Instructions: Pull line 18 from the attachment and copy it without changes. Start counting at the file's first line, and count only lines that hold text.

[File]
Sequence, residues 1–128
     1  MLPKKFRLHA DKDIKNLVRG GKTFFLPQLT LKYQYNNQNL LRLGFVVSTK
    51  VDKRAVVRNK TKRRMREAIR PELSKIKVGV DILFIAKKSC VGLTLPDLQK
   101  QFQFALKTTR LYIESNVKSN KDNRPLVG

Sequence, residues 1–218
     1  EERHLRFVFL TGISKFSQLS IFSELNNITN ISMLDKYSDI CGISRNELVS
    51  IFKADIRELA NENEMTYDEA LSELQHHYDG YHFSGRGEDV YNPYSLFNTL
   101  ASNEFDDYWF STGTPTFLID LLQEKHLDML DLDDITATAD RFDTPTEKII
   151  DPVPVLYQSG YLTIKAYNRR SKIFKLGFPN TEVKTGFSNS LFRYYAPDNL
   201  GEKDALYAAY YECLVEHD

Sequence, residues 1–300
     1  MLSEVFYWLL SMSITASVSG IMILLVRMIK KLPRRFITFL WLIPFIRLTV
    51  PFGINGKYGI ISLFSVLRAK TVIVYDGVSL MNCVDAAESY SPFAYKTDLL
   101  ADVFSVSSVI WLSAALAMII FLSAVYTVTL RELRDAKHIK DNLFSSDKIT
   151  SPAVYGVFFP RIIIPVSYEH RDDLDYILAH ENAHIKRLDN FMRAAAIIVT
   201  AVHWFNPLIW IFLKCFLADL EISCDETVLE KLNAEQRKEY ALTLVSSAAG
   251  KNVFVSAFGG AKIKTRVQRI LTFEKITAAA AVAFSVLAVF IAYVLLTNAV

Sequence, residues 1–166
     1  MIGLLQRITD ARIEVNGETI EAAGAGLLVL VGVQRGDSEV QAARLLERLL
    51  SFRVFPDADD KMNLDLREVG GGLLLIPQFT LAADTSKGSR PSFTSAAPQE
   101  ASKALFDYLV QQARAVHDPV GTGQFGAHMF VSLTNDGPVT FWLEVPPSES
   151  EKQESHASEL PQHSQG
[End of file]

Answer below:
Sequence, residues 1–166